Keywords: abortion, contraception, fertility, marriage
    JEL: I18 J12 J13
    Date: 2012–06
  5. By: Gertler, Paul; Vermeersch, Christel
    Abstract: This study examines the effect of performance incentives for health care providers to provide more and higher quality care in Rwanda on child health outcomes. The authors find that the incentives had a large and significant effect on the weight-for-age of children 0-11 months and on the height-for-age of children 24-49 months. They attribute this improvement to increases in the use and quality of prenatal and postnatal care. Consistent with theory, They find larger effects of incentives on services where monetary rewards and the marginal return to effort are higher. The also find that incentives reduced the gap between provider knowledge and practice of appropriate clinical procedures by 20 percent, implying a large gain in efficiency. Finally, they find evidence of a strong complementarity between performance incentives and provider skill.
    Keywords: Health Monitoring&Evaluation,Population Policies,Health Systems Development&Reform,Disease Control&Prevention,Adolescent Health
    Date: 2012–06–01
  6. By: Antonio Nicita; Simona Benedettini
    Abstract: We empirically investigate the deterrent and offsetting effects of the introduction of a point–record driving license (PDRL) in Italy. We find that the PDRL resulted in a sharp reduction of seat belt offenses, and in a noticeable decrease of road accidents. However, the reduction in occupant fatalities and injuries was associated with an increase in non-occupant ones, suggesting a remarkable “Peltzman effect”. We then discuss whether a given enforcement design, by inducing drivers to make the best use of safety resources already available to them, may generate more external costs than would otherwise occur.
    Keywords: offsetting behavior, point - record driving license, seat belts, traffic law enforcement, traffic fatalities
    JEL: D02 K32 K42 L51
    Date: 2012–02
  7. By: David Autor; Mark Duggan; Jonathan Gruber
    Abstract: We provide a detailed analysis of the incidence, duration and determinants of claims made on private Long Term Disability (LTD) policies using a database of approximately 10,000 policies and 1 million workers from a major LTD insurer. We document that LTD claims rates are much lower than claims rates on the public analogue to LTD, the Social Security Disability Insurance program, yet LTD policies have a much higher return-to-work rate among initial claimants. Nevertheless, our analysis indicates that the impact of moral hazard on LTD claims is substantial. Using within firm, over time variation in plan parameters, we find that a higher replacement rate and a shorter waiting time to benefits receipt—also known as the Elimination Period or EP—significantly increase the likelihood that workers claim LTD. About sixty percent of the effect of a longer EP is due to censoring of shorter claims, while the remainder is due to deterrence: workers facing a longer EP are less likely to claim benefits for impairments that would lead to a only a brief period of LTD receipt. This deterrence effect is equally large among high and low-income workers, suggesting that moral hazard rather than liquidity underlies the behavioral response. Consistent with this interpretation, the response of LTD claims to plan parameters is driven primarily by the behavior of the healthiest disabled, those who would return to work after receiving LTD.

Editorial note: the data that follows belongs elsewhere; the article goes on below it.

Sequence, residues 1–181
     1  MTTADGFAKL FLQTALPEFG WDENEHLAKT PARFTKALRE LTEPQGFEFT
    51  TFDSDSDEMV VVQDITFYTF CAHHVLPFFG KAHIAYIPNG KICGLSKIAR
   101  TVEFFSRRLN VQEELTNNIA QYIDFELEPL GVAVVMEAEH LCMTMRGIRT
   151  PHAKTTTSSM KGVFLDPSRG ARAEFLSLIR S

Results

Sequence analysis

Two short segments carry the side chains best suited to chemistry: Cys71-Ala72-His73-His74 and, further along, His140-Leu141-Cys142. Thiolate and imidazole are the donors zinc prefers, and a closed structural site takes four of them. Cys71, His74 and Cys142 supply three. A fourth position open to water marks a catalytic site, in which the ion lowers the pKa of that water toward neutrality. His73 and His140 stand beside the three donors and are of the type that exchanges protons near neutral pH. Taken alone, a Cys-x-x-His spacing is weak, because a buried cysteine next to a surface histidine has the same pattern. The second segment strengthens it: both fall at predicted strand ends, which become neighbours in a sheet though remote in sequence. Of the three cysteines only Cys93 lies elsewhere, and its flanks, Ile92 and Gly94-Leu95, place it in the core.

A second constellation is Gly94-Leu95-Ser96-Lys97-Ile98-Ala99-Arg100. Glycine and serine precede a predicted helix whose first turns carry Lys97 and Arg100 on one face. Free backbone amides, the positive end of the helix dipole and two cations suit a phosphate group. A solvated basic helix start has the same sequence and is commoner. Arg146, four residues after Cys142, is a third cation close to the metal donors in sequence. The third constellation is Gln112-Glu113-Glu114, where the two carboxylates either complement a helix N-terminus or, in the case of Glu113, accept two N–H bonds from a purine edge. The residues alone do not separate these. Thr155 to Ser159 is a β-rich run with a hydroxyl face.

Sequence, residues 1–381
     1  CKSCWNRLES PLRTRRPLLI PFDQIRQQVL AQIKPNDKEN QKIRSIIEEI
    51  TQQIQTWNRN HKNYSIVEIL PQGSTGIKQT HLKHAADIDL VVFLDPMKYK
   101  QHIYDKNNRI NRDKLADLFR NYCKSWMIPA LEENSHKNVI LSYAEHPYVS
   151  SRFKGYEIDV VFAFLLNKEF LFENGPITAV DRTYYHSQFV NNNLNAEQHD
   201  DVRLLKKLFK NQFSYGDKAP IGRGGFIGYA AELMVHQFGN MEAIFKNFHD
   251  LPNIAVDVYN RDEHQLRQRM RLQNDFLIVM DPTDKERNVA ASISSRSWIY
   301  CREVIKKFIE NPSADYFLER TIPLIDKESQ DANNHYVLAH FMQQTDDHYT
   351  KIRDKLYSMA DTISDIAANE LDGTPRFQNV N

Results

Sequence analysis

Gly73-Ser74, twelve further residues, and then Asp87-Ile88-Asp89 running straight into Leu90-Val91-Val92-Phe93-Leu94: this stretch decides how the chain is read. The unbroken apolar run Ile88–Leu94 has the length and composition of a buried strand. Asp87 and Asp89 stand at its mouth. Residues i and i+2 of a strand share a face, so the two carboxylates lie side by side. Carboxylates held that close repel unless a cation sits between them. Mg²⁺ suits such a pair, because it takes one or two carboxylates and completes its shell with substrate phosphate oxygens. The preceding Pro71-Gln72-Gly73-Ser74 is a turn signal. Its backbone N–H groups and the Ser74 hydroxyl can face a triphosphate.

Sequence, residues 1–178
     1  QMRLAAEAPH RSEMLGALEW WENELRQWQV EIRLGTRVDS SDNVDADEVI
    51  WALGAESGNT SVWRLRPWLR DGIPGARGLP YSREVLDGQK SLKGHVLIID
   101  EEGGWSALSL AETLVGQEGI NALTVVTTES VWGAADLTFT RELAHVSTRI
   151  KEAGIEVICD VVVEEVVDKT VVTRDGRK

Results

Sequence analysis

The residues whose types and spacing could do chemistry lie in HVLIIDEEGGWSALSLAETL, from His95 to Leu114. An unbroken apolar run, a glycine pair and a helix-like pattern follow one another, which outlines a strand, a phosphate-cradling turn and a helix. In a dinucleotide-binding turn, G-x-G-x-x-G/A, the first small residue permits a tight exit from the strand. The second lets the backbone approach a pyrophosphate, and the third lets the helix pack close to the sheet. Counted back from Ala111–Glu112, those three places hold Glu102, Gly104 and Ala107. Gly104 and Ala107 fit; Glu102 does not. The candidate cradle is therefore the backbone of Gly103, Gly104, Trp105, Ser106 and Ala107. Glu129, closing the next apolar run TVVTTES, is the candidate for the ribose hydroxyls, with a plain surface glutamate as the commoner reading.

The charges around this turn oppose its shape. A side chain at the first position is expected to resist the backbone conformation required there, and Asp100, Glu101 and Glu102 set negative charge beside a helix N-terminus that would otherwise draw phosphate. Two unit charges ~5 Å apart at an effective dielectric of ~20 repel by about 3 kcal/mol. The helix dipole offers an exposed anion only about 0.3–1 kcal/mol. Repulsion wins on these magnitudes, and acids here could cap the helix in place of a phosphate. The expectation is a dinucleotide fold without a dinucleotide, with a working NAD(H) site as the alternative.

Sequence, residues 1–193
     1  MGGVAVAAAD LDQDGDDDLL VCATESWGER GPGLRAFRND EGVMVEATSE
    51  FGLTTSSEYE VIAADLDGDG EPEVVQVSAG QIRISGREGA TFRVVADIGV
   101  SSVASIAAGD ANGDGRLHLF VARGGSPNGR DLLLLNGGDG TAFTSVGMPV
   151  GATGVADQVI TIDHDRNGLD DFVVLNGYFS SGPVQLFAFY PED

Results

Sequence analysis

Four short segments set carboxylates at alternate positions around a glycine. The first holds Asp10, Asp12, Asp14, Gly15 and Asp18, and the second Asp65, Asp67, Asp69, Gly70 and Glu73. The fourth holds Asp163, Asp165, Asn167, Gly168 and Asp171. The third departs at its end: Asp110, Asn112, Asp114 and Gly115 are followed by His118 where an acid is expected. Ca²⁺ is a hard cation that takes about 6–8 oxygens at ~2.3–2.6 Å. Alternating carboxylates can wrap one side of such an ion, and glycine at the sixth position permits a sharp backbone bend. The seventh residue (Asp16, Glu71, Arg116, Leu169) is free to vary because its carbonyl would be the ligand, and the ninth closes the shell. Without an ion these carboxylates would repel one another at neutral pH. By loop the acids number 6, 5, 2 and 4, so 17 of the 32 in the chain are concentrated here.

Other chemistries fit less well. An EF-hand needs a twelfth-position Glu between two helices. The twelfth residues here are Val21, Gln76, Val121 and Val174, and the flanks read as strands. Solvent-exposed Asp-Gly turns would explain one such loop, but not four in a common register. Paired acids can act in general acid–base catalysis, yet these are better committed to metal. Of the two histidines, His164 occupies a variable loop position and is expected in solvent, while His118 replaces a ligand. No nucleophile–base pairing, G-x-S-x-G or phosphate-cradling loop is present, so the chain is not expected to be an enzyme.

JEL: H55 J32
    Date: 2012–06
  8. By: Henry Saffer; Dhaval Dave; Michael Grossman
    Abstract: The behavioral economic model presented in this paper argues that the effect of advertising and price differ by past consumption levels. The model predicts that advertising is more effective in reducing consumption at high past consumption levels but less effective at low past consumption levels. Conversely, the model predicts that higher prices are effective in reducing consumption at low past consumption levels but less effective at high past consumption levels. Unlike the models used in most prior studies, this model predicts that the effects of policy on average consumption and on the upper end of the distribution are different. Both FMM and Quantile models were estimated. The results from these regressions show that heavy drinkers are more responsive to advertising and less responsive to price than are moderate drinkers. The empirical evidence also supports the assumption that education is a proxy for self-regulation. The key conclusions are that restrictions on advertising are targeted at heavy drinkers and are an underutilized alcohol control policy. Higher excise taxes on alcohol reduce consumption by moderate drinkers and are of less importance in reducing heavy consumption.
    JEL: D03 I18
    Date: 2012–06
  9. By: Janet Currie; Wanchuan Lin; Juanjuan Meng
    Abstract: The overuse of medical services including antibiotics is often blamed on Physician Induced Demand. But since this theory is about physician motivations, it is difficult to test. We conduct an audit study in which physician financial incentives, beliefs about what patients want, and desires to reciprocate for a small gift are systematically varied. We find that all of these treatments reduce antibiotics prescriptions, suggesting that antibiotics abuse in China is not driven by patients actively demanding antibiotics, by physicians believing that patients want antibiotics, or by physicians believing that antibiotics are in the best interests of their patients, but is largely driven by financial incentives. Our results also show that physician behavior can be significantly influenced by the receipt of a token gift, such as a pen.
    JEL: I11
    Date: 2012–06